W. E. B. Du Bois, author of Black Reconstruction in America, was a public intellectual, sociologist, and activist on behalf of the African American community. He profoundly shaped black political culture in the United States through his founding role in the NAACP, as well as internationally through the Pan-African movement. Du Bois's sociological and historical research on African-American communities and culture broke ground in many areas, including the history of the post-Civil War Reconstruction period. Du Bois was also a prolific author of novels, autobiographical accounts, innumerable editorials and journalistic pieces, and several works of history.
Black Reconstruction in America tells and interprets the story of the twenty years of Reconstruction from the point of view of newly liberated African Americans. Though lambasted by critics at the time of its publication in 1935, Black Reconstruction has only grown in historical and literary importance. In the 1960s it joined the canon of the most influential revisionist historical works. Its greatest achievement is weaving a credible, lyrical historical narrative of the hostile and politically fraught years of 1860-1880 with a powerful critical analysis of the harmful effects of democracy, including Jim Crow laws and other injustices. With a series introduction by editor Henry Louis Gates, Jr., and an introduction by David Levering Lewis, this edition is essential for anyone interested in African American history.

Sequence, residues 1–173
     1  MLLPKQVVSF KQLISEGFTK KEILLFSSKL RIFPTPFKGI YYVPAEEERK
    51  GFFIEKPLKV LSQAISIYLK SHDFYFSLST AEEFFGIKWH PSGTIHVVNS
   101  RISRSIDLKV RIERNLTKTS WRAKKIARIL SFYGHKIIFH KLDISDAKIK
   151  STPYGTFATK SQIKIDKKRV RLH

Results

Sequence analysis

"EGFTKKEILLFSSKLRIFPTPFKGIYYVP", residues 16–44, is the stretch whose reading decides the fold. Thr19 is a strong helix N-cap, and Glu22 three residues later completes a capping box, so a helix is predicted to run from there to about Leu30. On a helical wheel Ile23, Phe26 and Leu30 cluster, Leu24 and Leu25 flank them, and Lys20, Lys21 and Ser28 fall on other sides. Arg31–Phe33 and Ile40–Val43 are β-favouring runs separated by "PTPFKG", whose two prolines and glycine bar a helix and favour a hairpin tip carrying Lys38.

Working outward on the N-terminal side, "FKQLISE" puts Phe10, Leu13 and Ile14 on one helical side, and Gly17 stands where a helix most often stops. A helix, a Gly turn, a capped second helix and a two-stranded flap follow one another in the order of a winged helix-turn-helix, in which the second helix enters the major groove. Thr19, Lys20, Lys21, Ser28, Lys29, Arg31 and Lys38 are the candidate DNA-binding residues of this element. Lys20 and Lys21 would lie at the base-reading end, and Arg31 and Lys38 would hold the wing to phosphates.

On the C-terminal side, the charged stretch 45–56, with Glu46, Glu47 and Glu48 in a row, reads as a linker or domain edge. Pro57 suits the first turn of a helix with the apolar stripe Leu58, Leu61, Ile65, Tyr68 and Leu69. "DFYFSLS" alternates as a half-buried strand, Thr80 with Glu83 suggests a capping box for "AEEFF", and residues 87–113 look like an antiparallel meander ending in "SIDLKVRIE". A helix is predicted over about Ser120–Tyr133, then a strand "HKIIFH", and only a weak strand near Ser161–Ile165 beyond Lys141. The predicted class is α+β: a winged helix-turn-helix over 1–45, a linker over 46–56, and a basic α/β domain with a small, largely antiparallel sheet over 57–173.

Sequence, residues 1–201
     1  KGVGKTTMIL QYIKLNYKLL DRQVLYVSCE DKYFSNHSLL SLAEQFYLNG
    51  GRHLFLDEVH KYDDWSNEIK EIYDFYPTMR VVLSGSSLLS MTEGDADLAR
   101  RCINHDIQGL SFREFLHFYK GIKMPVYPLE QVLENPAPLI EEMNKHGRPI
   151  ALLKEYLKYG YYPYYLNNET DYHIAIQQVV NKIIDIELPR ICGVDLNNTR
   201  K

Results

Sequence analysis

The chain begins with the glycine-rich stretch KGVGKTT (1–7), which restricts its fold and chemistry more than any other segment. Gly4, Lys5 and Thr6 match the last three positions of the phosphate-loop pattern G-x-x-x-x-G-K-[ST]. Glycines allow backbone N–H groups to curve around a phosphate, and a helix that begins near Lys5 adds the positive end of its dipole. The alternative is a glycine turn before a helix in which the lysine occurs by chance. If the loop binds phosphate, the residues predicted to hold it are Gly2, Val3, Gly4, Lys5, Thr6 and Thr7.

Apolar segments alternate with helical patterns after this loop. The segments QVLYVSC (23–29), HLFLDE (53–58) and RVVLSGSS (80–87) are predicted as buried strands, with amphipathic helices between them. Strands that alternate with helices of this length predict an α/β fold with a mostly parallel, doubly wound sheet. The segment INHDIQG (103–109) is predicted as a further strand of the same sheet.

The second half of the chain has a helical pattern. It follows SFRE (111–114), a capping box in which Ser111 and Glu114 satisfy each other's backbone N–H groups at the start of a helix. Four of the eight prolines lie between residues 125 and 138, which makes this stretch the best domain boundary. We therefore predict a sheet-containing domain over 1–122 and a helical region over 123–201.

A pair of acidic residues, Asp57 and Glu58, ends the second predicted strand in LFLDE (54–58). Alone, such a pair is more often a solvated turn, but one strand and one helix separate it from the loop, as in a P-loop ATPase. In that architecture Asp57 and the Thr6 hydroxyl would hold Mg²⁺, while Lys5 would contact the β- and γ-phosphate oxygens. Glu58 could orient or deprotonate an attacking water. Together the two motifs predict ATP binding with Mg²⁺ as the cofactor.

From February 11, 2022, Our Composite Nation: Frederick Douglass' America shines a light on the late 1860s—at a moment of great hope for the promise of equality under the law. The famed orator and once-enslaved abolitionist Frederick Douglass took his “Our Composite Nation” speech on the road to argue for a plural American democracy. The mission of this new nation, he declared, was to provide the world “a composite, perfect illustration of the unity of the human family.” For what was the U.S., he said, but “the most conspicuous example of composite nationality in the world?” This special installation features artifacts, images, and a theatrical design that bring Douglass’ compelling speech to life and explores his vision of freedom, citizenship, and equal rights that remains urgently relevant today, as a hopeful plea for America to live up to its founding ideals.